What that would be is that most schools (we have to go with generalizations here) teach rote. The student is required to learn certain facts and regurgitate them on demand. Very few of the facts that we were required to learn are relevant to our later lives or are even applicable in the current life except for purposes of a test and passing grade.

    In the case of your children, they live in a fast paced world with constant visual & auditory stimulation. Unless the classroom teaching is very different, it is boring. It was when I was younger so I can only imagine how it must be for children these days.

    Also, I am not sure how many of today's students are avid readers. If reading is difficult, it's tough to keep up.

    While I can certainly understand what you are saying about illustrating subjects by life at such and such a time, your plan would not receive my vote. The reason?

    Your plan is focused in the past and I look to the future. You can say that you can understand the future if you understand the past, however, I can't relate coming over on the Mayflower, the first Thanksgiving dinner or the Civil War to what's happening today and, more importantly, what's coming RAPIDLY in the future.

    Also, where will be the commonality between the education your children receive based on their family history vs. a RELATIVELY standardized curriculum?

    Betsy, one thing I do know for sure. You would be one heck of a teacher because of your passion for what you do and your desire to explain and to INFECT others with your enthusiasm.

    Excellent, thought provoking post, Betsy. Until next time, aloha. Janet

  2. The same idea has occurred to me. I don't know whether I would base all subjects on family history, but regular history would definitely start there. I never became interested in history until I met my husband, who knew how to bring the subject alive. Then when I started family research I became absolutely obsessed with history.

  3. Janet and Greta,
    Thanks for disagreeing (in part) with me. It gave me the impetus to see where I stood!
    I homeschooled my children one year and it was a huge wake-up call. There is a lot of planning and organizing of materials. I'm pretty relaxed and open and I was very overwhelmed. I was thrilled to hit upon the family history method because it gave me structure (timelines, generations, family groups, etc.). But the one element that's key is the emotional connection to people the student is related to, like them, know them, or not, that makes him absorb, process and apply the information. The two worlds complement each other seamlessly.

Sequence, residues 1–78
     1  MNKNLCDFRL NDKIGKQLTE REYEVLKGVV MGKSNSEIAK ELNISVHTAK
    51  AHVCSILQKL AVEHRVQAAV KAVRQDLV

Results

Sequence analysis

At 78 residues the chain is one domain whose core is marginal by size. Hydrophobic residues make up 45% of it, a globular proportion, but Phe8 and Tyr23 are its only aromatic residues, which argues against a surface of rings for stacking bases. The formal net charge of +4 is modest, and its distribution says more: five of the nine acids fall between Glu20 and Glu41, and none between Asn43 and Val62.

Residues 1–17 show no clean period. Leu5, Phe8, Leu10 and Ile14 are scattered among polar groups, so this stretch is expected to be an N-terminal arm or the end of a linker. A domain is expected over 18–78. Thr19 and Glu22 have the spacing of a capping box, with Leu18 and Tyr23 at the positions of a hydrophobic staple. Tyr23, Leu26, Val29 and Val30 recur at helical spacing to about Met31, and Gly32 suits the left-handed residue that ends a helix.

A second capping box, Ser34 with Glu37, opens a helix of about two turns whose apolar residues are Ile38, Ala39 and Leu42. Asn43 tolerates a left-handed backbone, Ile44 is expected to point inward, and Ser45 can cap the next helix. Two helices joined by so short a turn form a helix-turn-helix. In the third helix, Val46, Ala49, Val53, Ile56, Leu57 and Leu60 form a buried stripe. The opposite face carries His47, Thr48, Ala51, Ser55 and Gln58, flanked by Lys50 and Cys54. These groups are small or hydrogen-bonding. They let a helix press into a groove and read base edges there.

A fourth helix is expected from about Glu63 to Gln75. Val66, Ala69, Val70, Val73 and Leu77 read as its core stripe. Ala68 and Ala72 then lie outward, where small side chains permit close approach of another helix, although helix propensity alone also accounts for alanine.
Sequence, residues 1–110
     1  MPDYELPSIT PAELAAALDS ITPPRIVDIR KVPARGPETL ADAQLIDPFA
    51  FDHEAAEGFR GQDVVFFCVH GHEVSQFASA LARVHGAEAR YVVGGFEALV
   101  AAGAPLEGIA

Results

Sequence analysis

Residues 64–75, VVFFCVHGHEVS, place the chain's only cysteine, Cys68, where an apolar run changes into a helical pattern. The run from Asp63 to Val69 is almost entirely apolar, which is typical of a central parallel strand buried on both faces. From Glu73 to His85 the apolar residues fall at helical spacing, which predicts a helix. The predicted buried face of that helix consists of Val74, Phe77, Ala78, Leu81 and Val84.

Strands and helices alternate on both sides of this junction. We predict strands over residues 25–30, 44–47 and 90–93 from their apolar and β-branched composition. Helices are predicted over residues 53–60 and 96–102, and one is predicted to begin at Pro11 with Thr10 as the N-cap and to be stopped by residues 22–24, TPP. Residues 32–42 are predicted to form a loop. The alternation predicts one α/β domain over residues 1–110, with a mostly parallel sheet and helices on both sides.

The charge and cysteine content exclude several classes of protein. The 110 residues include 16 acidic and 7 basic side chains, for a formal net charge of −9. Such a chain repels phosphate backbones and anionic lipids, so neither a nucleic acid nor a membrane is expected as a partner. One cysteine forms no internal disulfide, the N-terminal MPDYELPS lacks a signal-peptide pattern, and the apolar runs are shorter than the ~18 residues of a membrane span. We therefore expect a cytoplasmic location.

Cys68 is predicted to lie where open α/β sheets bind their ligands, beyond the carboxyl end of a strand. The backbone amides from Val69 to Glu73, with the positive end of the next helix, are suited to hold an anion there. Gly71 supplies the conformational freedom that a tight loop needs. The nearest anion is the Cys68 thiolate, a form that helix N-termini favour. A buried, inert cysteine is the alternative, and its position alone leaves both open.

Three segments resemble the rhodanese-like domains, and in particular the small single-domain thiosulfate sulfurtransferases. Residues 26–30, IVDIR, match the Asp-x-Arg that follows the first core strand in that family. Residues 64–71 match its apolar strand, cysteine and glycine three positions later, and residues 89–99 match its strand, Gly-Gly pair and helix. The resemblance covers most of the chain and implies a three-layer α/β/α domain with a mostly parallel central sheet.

So I got an easy, ready-made curriculum. Add to that an opportunity to teach and use today's technology to share the info that connects living families to their ancestors and watch the incredible conversations that start! Family traits, passions, skills, talents all get brought out into the open and it's magical to see the light bulb go on when someone says, "I like fishing, and the ocean, too!" when they see photograph after photograph of ancestors with the ocean and fishing boats in the background, and the fish stories that support them.
    Yes, Janet, I'm passionate!

  4. I think the current way education is taught does not properly prepare the kids for life. If you were to use real life examples with your own family and what it took to 'make it' and the sacrifices made it might be much more helpful with their life skills.

    I asked my grandmother that was born in 1898 about the good ol' days and she assured me life might have been simpler but the work was long and hard all.the.time.

    Anytime I'm ready to complain about anything I remember what a tough ol' bird my Mimi was who lived to 102. She didn't complain about much, even physical ailments.

  5. Hey Bill,
    We called my grandmother Mimi, too.!
    Prepared for life? They sit and are spoon fed everything. And they know all the tricks to get a passing grade. They're hungry for freedom to find themselves and to learn where they matter.
    I'd even look into games of ancestors and then look at gaming online and see where that would go. Just comparing things is so much fun! There's a really funny video I came across on Stumbleupon this morning about "old people" and the internet. I wish I'd saved it. It was so funny!
    Thanks for coming by Bill! See you soon!